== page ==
Thursday, April 28, 2011

Is Banning the Plastic Bag a Panacea?

It'd be nice if just banning plastic grocery bags would solve our litter and pollution problems, but it won't -- because they'd still be all those other pieces of trash and the thoughtless consumption of resources.

What would be an even better idea, is to go around once a week with one of those plastic grocery bags and fill it with all that other litter -- and beautify the neighborhood (environment) in that very real way, and one will realize that the plastic grocery bags are a small part of the total trash being dumped out thoughtlessly by people.

That would be far more meaningful than simply banning the plastic grocery bag -- that is very useful, especially to the people who walk, bike and bus -- instead of riding around in their SUVs.

I know it would be very inspiring to see young people going around picking up trash this way -- and for that matter, people of every age and socio-economic condition, as a very tangible display of their concern for the environment, and its stewardship.

But simply to ride around in one's SUV instead of walking, bicycling or busing while deploring the poor people carrying their bags long distances, doesn't show a lot of understanding of the impact of one's activities on the environment, and even more importantly, one's relationship to other people, who may not have the luxury of a car to transport their paper bags -- especially in the inclement weather Oregon is world-famous for.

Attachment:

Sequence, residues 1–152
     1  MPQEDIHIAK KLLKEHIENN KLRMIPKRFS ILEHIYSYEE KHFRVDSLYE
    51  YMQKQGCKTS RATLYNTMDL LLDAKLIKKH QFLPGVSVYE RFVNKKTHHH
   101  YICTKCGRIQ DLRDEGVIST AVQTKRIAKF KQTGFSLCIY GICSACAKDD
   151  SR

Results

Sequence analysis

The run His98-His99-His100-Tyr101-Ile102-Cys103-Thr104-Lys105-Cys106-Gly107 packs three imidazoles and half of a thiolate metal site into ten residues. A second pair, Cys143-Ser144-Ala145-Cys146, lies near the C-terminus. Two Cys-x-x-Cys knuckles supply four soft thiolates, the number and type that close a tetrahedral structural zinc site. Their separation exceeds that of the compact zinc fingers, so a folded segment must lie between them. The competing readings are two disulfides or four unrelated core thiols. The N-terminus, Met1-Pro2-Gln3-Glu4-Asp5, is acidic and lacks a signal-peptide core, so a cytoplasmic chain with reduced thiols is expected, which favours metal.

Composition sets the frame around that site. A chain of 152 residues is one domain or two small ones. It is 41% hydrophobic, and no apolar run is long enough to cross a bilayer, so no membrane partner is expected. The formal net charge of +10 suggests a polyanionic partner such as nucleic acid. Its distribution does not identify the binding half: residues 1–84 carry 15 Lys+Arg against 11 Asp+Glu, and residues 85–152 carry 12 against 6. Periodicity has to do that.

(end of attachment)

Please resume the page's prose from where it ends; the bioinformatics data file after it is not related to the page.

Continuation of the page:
So let's get to the bigger root of the problem -- which is the littering and pollution of all those things -- and not just one small gesture one hopes will be a panacea to a vastly greater problem. Then after banning the plastic garbage bag, we have to ban the paper cup, sandwich wrappers, and yes, the paper bag that is as great a source of the problem as the plastic bags.

So the problem is not any particular kind of litter -- but all littering, and how we could solve that problem very tangibly and effectively.

Thursday, April 21, 2011

The Present Education Crisis

The long term future of learning is that students will teach themselves. In the past, they haven't had the tools to access all the information. Learning is not a separate function from living; in fact, one learns to live, and not lives to learn -- and all the specializations and compartmentalizations into all these divisions, turfs, hierarchies and bureaucracies.